(KCPW News) The Utah Division of Wildlife Resources has identified the parasite that causes whirling disease in Strawberry Reservoir. The division’s fish pathologists found the parasite in two kokanee salmon during regular testing of fish in the reservoir. Roger Wilson, chief of the DWR’s Aquatic Section, says the disease probably made its way to Strawberry through the Duchesne River.
“We have verified the parasite in the west fork of the Duchesne. There is a diversion called the Vat diversion on the SACS system (Strawberry Aqueduct and Collections System) that brings water out of the west fork. So it’s very likely that it came in through that conduit,” says Wilson.
Wilson says it was only a matter of time before whirling disease made its way to Strawberry, so the division had already been taking steps to address the situation. He says as fish grow to be fingerlings the chances of developing the disease diminish, and it should not affect the approximately 8-inch long rainbow and cutthroat trout the DWR stocks into Strawberry. However he is concerned the disease could affect the natural reproduction of kokanee salmon and cutthroat trout.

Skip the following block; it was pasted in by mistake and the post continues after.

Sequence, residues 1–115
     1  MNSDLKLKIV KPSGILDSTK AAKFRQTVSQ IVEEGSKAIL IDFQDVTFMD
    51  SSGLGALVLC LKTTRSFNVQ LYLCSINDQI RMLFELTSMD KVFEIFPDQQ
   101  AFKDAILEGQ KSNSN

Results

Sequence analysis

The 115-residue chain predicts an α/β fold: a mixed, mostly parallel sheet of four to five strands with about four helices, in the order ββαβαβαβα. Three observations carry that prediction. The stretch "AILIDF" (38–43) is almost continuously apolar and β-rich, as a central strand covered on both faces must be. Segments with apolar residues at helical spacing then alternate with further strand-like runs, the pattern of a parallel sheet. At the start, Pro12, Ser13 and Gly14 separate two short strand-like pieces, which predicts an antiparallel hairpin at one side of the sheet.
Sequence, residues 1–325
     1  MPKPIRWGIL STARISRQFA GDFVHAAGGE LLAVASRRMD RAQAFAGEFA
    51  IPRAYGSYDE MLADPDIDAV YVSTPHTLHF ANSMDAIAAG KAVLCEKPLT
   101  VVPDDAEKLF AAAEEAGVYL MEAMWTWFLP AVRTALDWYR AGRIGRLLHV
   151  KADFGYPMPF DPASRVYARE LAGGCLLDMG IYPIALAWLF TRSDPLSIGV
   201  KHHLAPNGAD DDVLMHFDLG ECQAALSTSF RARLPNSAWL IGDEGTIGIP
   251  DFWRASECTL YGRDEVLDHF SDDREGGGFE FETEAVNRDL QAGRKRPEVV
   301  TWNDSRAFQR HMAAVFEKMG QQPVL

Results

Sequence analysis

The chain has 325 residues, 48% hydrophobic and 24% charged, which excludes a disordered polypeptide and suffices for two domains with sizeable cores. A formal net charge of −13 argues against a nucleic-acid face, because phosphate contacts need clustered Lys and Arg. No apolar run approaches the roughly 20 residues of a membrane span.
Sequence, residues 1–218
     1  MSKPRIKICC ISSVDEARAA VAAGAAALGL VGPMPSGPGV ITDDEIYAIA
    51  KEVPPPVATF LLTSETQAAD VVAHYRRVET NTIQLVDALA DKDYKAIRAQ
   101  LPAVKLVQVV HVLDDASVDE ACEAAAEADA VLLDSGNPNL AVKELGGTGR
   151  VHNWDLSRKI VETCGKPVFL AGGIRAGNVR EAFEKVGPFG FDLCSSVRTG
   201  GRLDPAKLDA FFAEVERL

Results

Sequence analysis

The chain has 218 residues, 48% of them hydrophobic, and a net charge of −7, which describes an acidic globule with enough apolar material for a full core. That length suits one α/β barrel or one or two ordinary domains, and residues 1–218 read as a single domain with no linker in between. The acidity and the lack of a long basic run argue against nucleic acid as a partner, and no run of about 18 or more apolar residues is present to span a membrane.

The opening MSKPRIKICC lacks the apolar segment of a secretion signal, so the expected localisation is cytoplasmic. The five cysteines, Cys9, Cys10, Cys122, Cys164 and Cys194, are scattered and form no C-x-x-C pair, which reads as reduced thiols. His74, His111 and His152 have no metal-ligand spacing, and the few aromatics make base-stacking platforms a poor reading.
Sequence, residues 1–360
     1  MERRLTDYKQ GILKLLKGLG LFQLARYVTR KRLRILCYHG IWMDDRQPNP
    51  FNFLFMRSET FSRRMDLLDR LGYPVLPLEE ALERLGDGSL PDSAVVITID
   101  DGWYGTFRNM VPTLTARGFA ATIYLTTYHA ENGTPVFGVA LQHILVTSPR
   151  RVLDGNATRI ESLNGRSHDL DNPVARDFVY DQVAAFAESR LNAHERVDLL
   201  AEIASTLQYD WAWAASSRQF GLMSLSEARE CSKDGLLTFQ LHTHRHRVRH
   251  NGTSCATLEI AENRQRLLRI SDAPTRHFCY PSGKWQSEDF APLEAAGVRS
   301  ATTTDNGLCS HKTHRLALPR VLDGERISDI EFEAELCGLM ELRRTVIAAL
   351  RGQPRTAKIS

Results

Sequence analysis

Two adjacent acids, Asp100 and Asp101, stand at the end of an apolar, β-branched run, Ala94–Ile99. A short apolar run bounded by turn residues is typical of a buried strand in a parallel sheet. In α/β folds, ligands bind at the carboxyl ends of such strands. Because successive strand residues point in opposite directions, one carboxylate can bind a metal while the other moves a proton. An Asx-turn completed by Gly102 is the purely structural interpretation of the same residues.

“The bottom line is it’s not a good thing, but I think we’re going to have a quality fishery at Strawberry,” says Wilson. “This will complicate management somewhat, but we’re still going to provide some great fishing at Strawberry. I think from the angler perspective we’re not going to see much influence.”
The Rainbow trout the division stocks into Strawberry are a whirling disease-resistant strain called the Harrison-Hofer strain. Wilson says trout from this strain have been shown to develop much lower infection rates of whirling disease than other strains.
How do you feel about this topic?
Is there anything else you think we should know? We'd like to hear your thoughts. Send us your feedback using the form below.